- Lightning storms: A single lightning bolt is capable of generating one billion joules of electricity. This is more than enough to fry all the electronics in your home. Interestingly, storms don’t even have to be nearby for an energy surge to reach it. Bolts can travel as far as 10 miles and power lines can carry the extra charge up to a mile away.
- Fallen power lines: One of the most common causes of power issues, fallen lines can cause power outages, brownouts, and energy surges. This can happen due to line repair errors, construction accidents, winter weather, or high winds.
- Random causes: Sometimes the cause of surges are difficult to pin down. Many power companies state in the fine print that they’re not responsible for random power spikes or weather-caused line issues.
Are these events covered by insurance or equipment warranties?
Some HVAC manufacturers may cover damage to specific components, but repair costs are generally not included. Home insurance coverage may include power surges from manmade sources in certain cases, but policies and items covered vary widely. The best way to protect your air conditioner, and your wallet, is to prevent damage in the first place with a high-quality surge suppressor.
What Is the Difference Between a Surge Protector and a Power Strip?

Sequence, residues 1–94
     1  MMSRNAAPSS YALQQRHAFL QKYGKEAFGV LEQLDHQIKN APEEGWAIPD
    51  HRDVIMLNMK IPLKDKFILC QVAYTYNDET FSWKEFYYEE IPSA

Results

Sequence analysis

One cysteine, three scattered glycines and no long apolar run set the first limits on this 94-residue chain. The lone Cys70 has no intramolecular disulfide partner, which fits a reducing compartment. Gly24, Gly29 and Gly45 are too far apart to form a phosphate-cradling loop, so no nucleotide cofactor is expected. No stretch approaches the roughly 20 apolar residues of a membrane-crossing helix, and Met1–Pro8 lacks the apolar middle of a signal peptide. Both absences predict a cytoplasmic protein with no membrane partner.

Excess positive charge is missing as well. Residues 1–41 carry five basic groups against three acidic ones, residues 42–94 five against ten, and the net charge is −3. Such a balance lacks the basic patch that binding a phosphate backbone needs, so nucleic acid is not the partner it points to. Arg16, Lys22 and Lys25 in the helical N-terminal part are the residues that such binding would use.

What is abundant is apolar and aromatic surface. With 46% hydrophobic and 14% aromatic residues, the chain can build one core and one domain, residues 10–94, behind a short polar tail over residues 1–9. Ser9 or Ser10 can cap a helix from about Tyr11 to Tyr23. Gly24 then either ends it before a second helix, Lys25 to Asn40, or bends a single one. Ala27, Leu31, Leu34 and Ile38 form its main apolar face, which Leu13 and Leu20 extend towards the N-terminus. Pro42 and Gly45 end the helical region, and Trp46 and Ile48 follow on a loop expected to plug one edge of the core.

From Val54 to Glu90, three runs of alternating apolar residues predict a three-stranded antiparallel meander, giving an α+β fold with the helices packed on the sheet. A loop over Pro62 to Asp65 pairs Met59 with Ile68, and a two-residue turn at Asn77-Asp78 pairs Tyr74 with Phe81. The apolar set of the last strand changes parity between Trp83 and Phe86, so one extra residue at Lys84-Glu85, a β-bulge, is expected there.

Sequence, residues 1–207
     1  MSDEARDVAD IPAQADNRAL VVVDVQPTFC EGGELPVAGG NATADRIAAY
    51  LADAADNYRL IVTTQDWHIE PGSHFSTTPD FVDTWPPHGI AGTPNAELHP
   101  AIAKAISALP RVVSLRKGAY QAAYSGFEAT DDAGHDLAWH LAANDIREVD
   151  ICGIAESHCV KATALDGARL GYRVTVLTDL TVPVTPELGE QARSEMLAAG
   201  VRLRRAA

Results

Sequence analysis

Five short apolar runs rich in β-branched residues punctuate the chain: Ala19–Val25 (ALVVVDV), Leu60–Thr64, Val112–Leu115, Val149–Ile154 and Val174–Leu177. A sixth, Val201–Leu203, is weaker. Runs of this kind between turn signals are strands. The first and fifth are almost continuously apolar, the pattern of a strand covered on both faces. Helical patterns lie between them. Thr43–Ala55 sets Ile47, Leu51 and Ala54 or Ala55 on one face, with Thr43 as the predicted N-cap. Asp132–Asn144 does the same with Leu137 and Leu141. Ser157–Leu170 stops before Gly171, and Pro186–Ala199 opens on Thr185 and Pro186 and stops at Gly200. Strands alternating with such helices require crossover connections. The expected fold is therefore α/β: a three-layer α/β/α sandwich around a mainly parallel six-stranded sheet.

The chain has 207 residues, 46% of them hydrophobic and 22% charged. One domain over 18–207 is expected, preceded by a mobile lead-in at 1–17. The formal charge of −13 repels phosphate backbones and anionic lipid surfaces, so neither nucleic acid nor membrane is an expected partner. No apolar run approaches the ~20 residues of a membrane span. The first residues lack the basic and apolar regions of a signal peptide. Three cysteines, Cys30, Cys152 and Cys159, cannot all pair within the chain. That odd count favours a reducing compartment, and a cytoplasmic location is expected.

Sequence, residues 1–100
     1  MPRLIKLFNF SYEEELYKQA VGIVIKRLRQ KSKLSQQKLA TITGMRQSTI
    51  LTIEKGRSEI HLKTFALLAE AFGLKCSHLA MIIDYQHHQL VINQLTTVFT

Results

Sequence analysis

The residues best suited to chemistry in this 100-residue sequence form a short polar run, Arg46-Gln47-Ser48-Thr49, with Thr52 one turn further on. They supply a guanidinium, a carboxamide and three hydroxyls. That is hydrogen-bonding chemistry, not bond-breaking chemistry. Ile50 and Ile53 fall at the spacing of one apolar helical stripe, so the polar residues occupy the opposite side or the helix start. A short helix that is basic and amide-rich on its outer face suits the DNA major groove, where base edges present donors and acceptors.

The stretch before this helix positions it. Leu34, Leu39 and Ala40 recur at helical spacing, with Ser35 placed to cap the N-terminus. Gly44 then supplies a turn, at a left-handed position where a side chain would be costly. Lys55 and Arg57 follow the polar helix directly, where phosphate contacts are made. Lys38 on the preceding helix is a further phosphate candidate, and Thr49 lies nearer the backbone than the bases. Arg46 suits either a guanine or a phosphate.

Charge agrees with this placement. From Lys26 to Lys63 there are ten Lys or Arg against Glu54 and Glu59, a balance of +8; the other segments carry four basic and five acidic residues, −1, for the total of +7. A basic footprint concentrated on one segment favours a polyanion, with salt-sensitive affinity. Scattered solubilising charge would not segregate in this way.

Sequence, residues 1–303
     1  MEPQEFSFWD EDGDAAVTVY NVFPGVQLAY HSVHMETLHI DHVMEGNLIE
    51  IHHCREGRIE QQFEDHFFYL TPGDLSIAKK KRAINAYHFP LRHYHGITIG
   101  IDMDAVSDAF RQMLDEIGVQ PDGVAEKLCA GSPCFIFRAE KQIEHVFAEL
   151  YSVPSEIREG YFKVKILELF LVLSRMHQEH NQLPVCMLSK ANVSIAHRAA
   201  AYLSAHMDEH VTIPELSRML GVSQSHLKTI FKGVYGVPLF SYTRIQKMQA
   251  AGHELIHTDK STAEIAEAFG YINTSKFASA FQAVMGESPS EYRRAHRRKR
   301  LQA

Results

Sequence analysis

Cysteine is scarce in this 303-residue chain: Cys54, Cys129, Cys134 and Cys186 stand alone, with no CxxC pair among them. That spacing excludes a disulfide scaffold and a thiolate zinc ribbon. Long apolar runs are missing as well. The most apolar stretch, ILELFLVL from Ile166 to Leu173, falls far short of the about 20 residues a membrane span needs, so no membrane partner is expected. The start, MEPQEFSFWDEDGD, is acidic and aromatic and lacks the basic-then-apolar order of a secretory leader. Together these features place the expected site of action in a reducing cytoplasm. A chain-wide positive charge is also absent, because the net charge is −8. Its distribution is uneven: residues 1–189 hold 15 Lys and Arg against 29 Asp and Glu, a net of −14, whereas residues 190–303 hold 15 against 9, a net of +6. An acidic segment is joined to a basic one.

Many surge protectors have a similar design as power strips — multiple power outlets and an on/off switch — but surge protectors offer far more utility and safety. Power strips only make it easier to plug in numerous devices; they do not protect your electronics. Essentially, plugging your HVAC system into a normal power strip is the same as plugging it into a wall socket.
AC surge protectors, on the other hand, interrupt energy spikes and work proactively to keep your HVAC system safe. Not all suppressors or protectors are the same; some carry a higher price tag in exchange for more comprehensive protection, additional safety features, or an extended warranty against damage.
How Do Surge Suppressors Protect HVAC Systems?
Surge protectors usually offer one or both of the following types of protection for sensitive electronic components in your air conditioner:
- Diverting excess energy away from electronics
- Breaking the electrical circuit to block overloads
In many cases, the first option is sufficient. When a small power spike occurs, the surge protector simply shunts the excess charge to your system’s grounding wire, keeping the air conditioner connected but safe. In the case of larger power surges, a surge protector for an AC unit detects excess energy and immediately cuts power to it. The surge protector is destroyed, but surge protectors cost far less than a new HVAC compressor.